Favorable breezes boost the Spanish wind sector

Wind power became the main source of electricity production in Spain last year, representing 23%, ahead of nuclear (21%) and gas (17%) – Copyright AFP/File Ozan KOSE

Valentin BONTEMPS

Driven by a surge in investment and new projects, wind energy has become the main source of electricity generation in Spain, just as Europe seeks to limit its energy imports from Russia.

“We are on fertile ground here,” said Joaquin Garcia Latorre, project manager at Enel Green Power Espana, pointing to the gigantic masts erected on the heights of the small northeastern village of Villar de los Navarros.

The Hispano-Italian firm chose this place well exposed to the wind to set up a 180 megawatt wind farm, one of the largest in the country.

Dubbed Tico Wind, his 43 wind turbines began producing electricity in November, Latorre said as workers around him tended to the turbines, which stand more than 100 meters (328 feet) tall.

“There are between 2,500 and 3,000 hours of wind here a year,” he added.

The wind farm will be able to produce 471 gigawatt hours per year – enough to meet the demands of 148,000 households – after becoming fully operational within a month.

These types of projects have been popping up all over Spain in recent years, making it the second-largest wind power producer in Europe after Germany for installed capacity and the fifth-largest in the world.

Wind became the main source of electricity generation in Spain last year, accounting for 23%, ahead of nuclear (21%) and gas (17%), according to national grid operator REE.

The sector “benefits from a favorable situation” even if “brakes” remain on its development, such as a dependence on government auctions, said Francisco Valverde Sanchez, a specialist in renewable energies at the electricity consultant Menta Energia.

– Investor interest –

After experiencing a boom in the 2000s thanks to generous public financial aid, the sector suffered a setback when subsidies were reduced in 2013 during the Spanish economic crisis.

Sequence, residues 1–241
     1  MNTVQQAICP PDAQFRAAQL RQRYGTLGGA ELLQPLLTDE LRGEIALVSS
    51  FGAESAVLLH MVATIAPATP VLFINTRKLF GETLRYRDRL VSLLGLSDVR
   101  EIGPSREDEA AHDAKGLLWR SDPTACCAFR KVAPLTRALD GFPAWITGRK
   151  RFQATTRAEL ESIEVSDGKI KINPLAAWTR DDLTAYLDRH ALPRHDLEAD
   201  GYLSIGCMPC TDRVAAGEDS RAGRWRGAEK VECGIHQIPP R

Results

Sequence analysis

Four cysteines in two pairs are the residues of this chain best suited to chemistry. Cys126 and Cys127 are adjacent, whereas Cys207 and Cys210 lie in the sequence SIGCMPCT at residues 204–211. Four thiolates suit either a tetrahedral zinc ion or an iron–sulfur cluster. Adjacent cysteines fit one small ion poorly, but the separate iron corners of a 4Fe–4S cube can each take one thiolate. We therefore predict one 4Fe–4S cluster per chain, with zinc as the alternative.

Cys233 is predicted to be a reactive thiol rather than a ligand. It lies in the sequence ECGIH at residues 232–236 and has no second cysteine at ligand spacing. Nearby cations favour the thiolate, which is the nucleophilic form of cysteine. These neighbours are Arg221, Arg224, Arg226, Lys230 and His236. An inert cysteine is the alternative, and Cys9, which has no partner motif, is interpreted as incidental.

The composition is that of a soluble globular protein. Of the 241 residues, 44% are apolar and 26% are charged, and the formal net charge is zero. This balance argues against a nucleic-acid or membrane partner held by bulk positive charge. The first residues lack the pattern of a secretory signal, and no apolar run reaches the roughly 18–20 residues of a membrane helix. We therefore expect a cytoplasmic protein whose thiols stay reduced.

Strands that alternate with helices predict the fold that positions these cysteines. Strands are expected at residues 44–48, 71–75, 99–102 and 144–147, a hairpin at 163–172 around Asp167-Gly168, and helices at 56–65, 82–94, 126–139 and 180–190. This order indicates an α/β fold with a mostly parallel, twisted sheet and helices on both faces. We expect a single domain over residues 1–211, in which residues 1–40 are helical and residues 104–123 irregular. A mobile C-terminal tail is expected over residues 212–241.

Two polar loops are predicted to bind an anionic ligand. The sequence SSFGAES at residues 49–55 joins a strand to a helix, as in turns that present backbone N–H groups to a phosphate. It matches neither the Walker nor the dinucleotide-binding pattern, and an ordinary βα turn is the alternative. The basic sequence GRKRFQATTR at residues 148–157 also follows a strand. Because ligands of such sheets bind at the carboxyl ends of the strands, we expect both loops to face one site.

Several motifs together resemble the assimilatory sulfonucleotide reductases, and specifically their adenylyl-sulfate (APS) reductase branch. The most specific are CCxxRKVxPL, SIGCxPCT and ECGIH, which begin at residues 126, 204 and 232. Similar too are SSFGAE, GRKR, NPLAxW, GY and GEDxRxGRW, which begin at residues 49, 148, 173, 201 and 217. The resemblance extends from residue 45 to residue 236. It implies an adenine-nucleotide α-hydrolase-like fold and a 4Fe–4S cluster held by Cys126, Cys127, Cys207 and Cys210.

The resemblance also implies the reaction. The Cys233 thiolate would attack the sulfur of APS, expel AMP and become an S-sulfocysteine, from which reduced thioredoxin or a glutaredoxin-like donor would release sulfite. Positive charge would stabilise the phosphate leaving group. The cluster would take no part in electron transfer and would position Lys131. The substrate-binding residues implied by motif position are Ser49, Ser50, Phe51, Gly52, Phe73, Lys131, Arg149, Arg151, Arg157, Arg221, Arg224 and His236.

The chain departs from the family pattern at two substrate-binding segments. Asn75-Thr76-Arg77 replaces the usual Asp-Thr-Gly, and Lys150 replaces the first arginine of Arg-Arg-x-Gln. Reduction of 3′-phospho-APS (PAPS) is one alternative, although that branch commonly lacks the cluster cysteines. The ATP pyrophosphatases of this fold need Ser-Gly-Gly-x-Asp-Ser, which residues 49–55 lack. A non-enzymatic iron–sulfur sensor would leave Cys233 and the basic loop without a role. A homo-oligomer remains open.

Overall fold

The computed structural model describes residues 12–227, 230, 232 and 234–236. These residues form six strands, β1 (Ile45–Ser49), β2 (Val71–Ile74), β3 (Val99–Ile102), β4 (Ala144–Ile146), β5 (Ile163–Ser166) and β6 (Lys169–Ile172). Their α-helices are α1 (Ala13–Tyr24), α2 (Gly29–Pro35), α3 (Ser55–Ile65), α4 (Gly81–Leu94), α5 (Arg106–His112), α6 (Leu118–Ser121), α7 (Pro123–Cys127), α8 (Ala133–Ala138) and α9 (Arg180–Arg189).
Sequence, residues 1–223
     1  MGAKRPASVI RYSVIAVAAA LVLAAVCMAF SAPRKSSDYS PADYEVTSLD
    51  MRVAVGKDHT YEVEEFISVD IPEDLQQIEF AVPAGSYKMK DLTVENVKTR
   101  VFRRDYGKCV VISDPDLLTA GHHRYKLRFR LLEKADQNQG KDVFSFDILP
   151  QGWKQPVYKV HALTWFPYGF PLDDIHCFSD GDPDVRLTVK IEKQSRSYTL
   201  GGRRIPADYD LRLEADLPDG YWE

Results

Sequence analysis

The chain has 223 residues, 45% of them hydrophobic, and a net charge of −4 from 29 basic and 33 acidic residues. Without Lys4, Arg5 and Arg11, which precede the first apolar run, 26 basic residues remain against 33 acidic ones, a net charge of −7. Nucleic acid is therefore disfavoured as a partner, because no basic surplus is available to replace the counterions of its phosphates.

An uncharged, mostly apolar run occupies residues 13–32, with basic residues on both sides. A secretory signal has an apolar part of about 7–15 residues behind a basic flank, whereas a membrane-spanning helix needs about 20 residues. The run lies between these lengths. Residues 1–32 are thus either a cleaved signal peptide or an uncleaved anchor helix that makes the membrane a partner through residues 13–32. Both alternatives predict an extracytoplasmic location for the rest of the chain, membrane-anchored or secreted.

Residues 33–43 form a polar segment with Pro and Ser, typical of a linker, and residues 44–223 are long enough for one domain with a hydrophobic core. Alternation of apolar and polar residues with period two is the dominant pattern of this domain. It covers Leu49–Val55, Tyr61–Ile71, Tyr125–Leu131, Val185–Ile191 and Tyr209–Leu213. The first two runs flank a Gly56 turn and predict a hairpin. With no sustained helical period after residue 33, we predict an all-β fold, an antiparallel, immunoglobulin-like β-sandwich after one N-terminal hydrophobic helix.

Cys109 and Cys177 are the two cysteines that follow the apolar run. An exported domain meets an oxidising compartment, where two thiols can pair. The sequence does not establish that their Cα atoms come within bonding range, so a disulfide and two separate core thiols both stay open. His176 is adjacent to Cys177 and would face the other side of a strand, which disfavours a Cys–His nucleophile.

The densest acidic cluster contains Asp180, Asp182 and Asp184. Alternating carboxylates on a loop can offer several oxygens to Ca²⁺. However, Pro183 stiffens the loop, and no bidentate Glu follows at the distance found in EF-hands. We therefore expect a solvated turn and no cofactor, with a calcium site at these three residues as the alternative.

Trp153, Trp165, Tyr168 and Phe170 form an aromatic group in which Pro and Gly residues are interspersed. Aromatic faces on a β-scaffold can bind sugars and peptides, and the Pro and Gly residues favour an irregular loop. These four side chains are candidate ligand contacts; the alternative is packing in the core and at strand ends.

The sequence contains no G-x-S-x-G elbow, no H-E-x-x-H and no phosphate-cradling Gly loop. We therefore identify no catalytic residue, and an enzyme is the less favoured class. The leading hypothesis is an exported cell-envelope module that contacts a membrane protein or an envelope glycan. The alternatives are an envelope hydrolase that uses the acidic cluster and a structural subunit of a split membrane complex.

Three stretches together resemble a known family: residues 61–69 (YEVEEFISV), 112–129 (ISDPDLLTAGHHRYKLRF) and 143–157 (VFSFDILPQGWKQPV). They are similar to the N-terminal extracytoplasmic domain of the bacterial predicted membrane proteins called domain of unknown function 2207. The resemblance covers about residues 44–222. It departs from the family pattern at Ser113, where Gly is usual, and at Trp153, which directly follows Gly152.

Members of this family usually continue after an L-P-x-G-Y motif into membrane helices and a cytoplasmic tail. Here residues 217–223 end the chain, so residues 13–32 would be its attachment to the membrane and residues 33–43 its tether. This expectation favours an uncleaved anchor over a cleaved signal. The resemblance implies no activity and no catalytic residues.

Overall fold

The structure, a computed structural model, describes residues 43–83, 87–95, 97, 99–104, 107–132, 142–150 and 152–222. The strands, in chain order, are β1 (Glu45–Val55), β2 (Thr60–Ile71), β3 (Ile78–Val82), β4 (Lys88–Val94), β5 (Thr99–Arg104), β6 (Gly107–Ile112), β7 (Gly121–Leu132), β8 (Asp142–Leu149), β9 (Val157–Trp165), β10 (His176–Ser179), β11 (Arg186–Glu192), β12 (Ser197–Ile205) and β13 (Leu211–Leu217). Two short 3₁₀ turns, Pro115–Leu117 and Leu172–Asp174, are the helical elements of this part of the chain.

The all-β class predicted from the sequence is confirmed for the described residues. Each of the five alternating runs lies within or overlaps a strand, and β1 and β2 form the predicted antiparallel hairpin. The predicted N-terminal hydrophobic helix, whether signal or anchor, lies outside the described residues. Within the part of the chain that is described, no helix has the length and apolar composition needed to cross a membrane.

It has since charged forward. Spain, which has a total of 1,265 wind farms, had an installed wind capacity of 28.1 gigawatts in 2021, up from 23.4 gigawatts in 2018, according to industry group AEE.

With vast tracts of sparsely populated land, a favorable legal framework and cutting-edge wind turbine manufacturers, Spain is one of the most “interesting” markets for wind investors, the chief executive of the AEE, Juan Virgilio Marquez.

Spain is home to several industry heavyweights such as Iberdrola and Naturgay, making it one of the leading exporters of wind power equipment. “That explains the dynamism of the sector,” Marquez said.

Investor interest has even come from outside the energy sector.

In November, Spaniard Amancio Ortega, founder of fast fashion giant Zara and one of the world’s richest men, pumped 245 million euros ($268 million) into a wind farm in the northern region -eastern Aragon.

– energy ‘attic’ –

In 2020, Spain committed to producing 74% of its electricity from renewable sources by 2030, up from 47% previously.

To achieve this objective, Spain is counting on the development of offshore wind power, a sector which is still in its infancy.

But since Spain has thousands of miles of coastline, offshore wind has plenty of room to grow.

“It’s an ambitious goal,” said Valverde Sanchez, saying government bureaucracy around wind farm projects must be reduced for it to be achieved.

Nearly 600 wind projects are currently under consideration by the government, according to the AEE.

As part of its plan to respond to the economic fallout from the Russian invasion of Ukraine, Spain has pledged to speed up the approval of wind projects under 75 megawatts.

“Our country had enough natural resources to become Europe’s leading producer and exporter of renewable energy,” Prime Minister Pedro Sanchez said on Wednesday, adding that this could be key to helping the European Union reach its goal of “energy independence”.

Since Russia invaded Ukraine on February 24, Brussels has been on a mission to cut Russian gas imports from the EU by two-thirds this year and end the use of Russian gas by 2027.

Spain “could become the energy ‘breadbasket’ of Europe”, declared Virgilio Marquez.

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